The impact of consecutive interest rate rises has caused owner-occupiers and investors to shy away from the property sector, with the value of new loan commitments falling 8.5 per cent in July.
Data released by the Australian Bureau of Statistics (ABS) today showed the value of new loan commitments for housing dropped to $28.4 billion in July (seasonally adjusted), following a 4.4 per cent drop in June.
The value of new owner-occupier loans declined 7 per cent nationally to $19.1 billion.
There were falls in all states and territories except for the Northern Territory, which recorded a small gain of 3.1 per cent.
The largest drop was in South Australia, where the value of new owner-occupier loans fell 10.1 per cent to $1.1 billion.
This was followed by Queensland, which recorded a 9.6 per cent fall, Western Australia (down 7.2 per cent) and Victoria (down 6 per cent).
The Real Estate Institute of Australia (REIA) President Hayden Groves said the figures showed that both owner-occupiers and investors were pulling back in the property sector as interest rate rises and the high costs associated with buying hinder the market.
“The value of new owner-occupier loan commitments fell 7 per cent in July 2022, while new investor loan commitments fell 11.2 per cent,” he said.
Mr Groves said rising inflation and housing affordability had become key issues, adding that state and federal governments needed to prioritise this before the situation worsens.
“The ABS figures coincide with CoreLogic’s latest data, which shows their home value index dropped 1.6 per cent in August, the biggest national monthly decline since 1983.”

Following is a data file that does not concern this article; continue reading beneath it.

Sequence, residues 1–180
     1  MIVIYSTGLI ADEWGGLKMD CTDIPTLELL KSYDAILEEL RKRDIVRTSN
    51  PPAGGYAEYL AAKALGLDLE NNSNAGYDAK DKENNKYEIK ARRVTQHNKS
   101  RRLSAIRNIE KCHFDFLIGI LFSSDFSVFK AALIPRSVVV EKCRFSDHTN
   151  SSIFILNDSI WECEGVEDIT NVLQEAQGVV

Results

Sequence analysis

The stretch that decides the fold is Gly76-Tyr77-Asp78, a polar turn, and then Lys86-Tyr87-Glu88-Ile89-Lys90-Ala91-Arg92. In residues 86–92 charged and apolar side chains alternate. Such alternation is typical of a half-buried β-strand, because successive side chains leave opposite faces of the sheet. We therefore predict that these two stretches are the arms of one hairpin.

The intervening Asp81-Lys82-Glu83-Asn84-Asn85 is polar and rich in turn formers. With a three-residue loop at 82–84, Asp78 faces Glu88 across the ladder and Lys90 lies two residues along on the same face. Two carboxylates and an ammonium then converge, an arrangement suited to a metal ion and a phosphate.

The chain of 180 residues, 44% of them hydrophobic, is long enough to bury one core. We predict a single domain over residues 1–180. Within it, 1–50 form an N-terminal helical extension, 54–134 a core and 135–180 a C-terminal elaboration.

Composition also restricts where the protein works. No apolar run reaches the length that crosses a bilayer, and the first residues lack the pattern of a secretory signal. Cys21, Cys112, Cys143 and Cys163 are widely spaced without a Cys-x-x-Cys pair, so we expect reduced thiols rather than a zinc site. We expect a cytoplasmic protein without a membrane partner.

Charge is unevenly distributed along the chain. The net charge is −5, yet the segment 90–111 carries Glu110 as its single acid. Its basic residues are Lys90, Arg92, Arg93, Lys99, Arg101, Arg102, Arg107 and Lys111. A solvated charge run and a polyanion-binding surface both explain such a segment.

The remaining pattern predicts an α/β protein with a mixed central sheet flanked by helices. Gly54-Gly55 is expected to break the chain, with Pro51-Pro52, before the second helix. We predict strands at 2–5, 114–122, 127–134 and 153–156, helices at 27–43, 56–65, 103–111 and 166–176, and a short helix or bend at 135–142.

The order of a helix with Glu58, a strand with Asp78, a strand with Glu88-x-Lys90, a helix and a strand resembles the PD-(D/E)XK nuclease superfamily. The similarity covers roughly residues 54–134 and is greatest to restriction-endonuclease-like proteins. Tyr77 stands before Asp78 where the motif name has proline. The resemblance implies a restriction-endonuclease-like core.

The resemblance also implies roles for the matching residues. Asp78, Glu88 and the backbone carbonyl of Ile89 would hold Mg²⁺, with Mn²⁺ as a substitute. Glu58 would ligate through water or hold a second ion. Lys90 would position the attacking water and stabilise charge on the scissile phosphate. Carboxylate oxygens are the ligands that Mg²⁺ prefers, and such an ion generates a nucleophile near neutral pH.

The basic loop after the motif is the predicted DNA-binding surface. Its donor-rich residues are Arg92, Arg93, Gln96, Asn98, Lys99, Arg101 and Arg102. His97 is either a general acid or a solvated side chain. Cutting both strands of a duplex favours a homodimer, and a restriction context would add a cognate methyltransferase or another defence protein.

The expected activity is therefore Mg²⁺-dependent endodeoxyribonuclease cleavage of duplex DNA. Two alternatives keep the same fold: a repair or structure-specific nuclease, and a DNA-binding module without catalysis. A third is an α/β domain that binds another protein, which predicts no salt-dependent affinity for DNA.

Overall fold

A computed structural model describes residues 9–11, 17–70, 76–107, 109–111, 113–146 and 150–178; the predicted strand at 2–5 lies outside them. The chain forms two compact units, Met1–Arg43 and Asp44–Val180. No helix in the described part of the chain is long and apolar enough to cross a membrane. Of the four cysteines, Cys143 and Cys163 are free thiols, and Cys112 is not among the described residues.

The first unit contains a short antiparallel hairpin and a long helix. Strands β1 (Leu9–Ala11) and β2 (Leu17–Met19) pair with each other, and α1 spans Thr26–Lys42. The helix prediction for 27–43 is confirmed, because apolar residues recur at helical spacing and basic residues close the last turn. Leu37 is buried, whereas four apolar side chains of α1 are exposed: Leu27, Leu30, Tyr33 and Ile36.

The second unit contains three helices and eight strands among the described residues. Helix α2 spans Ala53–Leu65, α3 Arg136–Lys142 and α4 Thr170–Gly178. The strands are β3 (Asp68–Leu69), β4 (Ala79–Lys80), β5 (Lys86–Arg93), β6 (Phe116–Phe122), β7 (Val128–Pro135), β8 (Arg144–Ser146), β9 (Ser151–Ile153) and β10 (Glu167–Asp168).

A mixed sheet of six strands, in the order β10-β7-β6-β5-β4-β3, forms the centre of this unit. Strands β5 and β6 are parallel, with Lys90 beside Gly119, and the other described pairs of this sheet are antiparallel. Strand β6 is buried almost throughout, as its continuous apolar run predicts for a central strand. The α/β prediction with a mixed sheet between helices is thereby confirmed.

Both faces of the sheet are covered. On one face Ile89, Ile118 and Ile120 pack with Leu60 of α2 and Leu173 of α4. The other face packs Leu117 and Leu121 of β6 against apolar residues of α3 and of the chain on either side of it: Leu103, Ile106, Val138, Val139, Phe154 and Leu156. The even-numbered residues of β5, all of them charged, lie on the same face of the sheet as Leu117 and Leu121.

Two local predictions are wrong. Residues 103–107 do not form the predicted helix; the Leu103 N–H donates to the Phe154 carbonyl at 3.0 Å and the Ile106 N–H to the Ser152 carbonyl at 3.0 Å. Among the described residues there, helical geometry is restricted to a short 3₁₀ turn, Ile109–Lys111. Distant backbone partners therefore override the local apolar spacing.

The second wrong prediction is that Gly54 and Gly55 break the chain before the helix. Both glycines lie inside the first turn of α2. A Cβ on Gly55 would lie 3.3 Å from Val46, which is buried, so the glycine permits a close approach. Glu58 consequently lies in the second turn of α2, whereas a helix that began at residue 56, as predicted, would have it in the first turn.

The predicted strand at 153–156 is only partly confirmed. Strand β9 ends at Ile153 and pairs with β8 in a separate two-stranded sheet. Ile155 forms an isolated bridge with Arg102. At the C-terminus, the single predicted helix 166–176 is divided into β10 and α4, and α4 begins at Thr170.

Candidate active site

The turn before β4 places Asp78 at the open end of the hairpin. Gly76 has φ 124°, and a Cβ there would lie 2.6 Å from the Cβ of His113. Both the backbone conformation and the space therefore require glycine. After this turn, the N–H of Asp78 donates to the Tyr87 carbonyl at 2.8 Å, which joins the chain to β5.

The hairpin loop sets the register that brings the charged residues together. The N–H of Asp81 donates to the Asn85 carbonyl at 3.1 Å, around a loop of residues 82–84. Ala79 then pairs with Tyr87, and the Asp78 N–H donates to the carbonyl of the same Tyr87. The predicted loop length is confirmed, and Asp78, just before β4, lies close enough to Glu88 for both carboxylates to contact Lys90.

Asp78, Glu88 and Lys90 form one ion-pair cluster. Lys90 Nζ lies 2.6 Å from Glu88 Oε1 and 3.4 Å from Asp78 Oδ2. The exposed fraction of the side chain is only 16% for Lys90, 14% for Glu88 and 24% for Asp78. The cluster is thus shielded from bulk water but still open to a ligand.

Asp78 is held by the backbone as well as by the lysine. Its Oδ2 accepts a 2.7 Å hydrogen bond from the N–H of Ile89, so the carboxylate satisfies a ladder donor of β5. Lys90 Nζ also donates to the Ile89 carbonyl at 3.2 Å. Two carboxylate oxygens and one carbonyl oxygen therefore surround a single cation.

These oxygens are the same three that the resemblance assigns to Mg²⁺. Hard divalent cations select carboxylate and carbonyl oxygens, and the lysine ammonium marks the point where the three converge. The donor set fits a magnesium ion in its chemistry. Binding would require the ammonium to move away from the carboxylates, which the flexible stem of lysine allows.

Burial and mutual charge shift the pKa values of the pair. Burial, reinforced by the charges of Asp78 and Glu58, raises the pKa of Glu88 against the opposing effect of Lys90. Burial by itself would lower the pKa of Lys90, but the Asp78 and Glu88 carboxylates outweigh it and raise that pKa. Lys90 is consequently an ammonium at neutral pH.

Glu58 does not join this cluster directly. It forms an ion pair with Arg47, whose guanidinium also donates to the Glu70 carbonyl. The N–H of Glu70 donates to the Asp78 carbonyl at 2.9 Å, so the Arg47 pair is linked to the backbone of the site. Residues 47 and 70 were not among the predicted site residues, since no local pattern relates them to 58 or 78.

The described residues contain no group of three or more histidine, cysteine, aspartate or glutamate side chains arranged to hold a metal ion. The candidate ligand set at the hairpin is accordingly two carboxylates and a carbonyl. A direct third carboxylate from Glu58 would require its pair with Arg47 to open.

Mr Groves said property ownership and investment has become increasingly challenging for many Australians.
Housing Industry Association (HIA) Economist Tom Devitt said the data provided sobering statistics on housing finance commitments.
“The rise in the cost of borrowing is compounding the impact of the rapid increase in the cost of building a new home that occurred due to the constraints on global supply chains,” Mr Devitt said.
“Declines were seen across all segments of the market, led by investors.
“The value of loans to investors fell by 11.2 per cent to their weakest month in over a year.
“This was followed by a 9.5 per cent decline for first home buyers, to their lowest level in over two years, and a 6.3 per cent decline for other owner-occupiers.
“There was also a 3.3 per cent decline in lending for renovations.”
Mr Devitt said new home sales across Australia dropped 13.1 per cent in July, following earlier reports of slowing numbers through display sites.
He said this would translate to weaker sales volumes in the second half of 2022.
“If these trends are sustained, which is expected, then the 1.75 per cent increase in the cash rate so far will have brought this pandemic building boom to an end,” Mr Devitt said.
“There remains a significant volume of work under construction and approved, but not yet commenced, that will provide a buffer for the industry and ensure building activity and demand for skilled trades remains exceptionally strong through the rest of 2022 and into 2023.
“There is a risk that this volume of ongoing work will obscure the adverse impact of rising interest rates.”
ABS Head of Finance and Wealth Katherine Keenan said while the value of new owner-occupier and investor loan commitments fell, they remained much higher than pre-pandemic levels.
“Owner-occupier loans in July 2022 were 40 per cent higher than February 2020, while investor loans were 78 per cent higher,” she said.